Plumbar says, “This year’s festival will be larger than ever. The main stage has been expanded, and we’ll have more bands from both Austin and Houston. We’re still the fine-arts festival, but we’re going to have more emphasis on the festival theme.” The revamped music lineup includes the Suffers, Kashmere Reunion Stage Band, Bombon, Hardproof Afrobeat, and many more. To add to the festival atmosphere, there will be activities for children in the Green Mountain Energy Creative Zone, special areas for adults, including a wine garden and an Adult Creative Zone presented by The Tinderbox. New to the festival this year, the Adult Creative Zone offers adults the chance to create their own works of art, including an industrial lamp or a screen-printed tote. And, of course, it would not be a festival without dozens of food and beverage vendors.

Bayou City Art Festival is a nonprofit organization that provides financial support to its nonprofit partners, and 100 percent of proceeds from festival tickets and food and beverage sales are given to them. Bayou City Art Festival has partnered with fifteen local nonprofit organizations, which volunteer their time to help staff the festival. These organizations include The Orange Show, Lawndale Art Center, SNAP, and the Museum of Fine Arts Houston.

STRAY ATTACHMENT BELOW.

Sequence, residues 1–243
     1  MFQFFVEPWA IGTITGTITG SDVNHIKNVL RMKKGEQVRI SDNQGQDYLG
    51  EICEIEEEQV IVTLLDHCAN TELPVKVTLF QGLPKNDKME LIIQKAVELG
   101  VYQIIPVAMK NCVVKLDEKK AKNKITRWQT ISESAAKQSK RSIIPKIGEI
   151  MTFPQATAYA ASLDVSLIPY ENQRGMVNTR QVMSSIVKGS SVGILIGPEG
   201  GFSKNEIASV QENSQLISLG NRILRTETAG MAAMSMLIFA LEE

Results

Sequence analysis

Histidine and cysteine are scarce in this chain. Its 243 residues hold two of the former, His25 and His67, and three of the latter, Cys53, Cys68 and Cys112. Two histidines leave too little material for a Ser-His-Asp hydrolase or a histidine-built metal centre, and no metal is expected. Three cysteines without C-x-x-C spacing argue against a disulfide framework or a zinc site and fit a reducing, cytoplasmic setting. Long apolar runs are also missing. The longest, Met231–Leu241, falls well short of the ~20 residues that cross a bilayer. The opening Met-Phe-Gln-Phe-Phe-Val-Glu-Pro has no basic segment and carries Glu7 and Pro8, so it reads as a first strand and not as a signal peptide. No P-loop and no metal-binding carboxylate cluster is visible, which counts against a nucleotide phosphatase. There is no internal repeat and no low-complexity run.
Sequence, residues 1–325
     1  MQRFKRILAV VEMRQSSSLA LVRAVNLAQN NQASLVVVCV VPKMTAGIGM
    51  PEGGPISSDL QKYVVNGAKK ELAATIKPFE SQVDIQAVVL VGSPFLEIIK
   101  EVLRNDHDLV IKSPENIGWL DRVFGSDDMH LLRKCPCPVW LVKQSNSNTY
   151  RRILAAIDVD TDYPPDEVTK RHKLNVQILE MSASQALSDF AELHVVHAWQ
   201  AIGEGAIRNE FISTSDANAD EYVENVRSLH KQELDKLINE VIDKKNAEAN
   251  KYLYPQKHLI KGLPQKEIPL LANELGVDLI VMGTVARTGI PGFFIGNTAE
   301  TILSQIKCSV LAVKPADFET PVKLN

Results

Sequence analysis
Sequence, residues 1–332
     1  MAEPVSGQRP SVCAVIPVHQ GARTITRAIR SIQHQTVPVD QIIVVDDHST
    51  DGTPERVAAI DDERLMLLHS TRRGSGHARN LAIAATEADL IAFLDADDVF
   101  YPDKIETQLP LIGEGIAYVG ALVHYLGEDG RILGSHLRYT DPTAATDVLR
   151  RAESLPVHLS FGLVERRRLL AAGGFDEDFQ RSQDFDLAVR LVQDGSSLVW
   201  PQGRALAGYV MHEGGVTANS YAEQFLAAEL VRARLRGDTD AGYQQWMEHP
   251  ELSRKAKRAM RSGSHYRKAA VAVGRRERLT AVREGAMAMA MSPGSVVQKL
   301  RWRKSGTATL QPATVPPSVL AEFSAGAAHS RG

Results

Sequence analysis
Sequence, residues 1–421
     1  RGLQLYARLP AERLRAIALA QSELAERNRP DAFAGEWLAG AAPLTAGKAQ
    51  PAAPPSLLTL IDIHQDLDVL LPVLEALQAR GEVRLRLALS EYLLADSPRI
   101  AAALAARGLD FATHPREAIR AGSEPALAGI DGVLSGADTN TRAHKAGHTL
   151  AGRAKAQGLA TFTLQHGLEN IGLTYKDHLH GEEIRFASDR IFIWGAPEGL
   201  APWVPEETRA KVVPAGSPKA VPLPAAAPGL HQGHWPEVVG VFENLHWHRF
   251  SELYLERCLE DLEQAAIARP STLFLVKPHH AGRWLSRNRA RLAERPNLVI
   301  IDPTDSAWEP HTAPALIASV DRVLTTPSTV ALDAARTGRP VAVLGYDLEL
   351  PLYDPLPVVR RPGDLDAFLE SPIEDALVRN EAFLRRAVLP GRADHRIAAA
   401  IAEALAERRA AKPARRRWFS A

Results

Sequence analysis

The festival attracts at least 30,000 art patrons each year and has raised more than $3 million since it began more than forty years ago. Sunshine magazine ranks the art festival as one of the top ten in the nation.

What: Bayou City Art Festival Downtown
When: October 12–13
Where: Sam Houston Park, 1000 Bagby
Tickets: Free for children age two and younger; non-members may purchase tickets online or at festival entrances ($15 for adults and $3 for children ages 3–12)

Karen Derr is a Houston-area Realtor and the founder of Boulevard Realty. She writes and speaks about home and small-business topics.

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Karen Derr

Karen Derr is a Houston-area Realtor and the founder of Karen Derr Realtors. She writes and speaks about home and small-business topics and is a frequent contributor to OutSmart.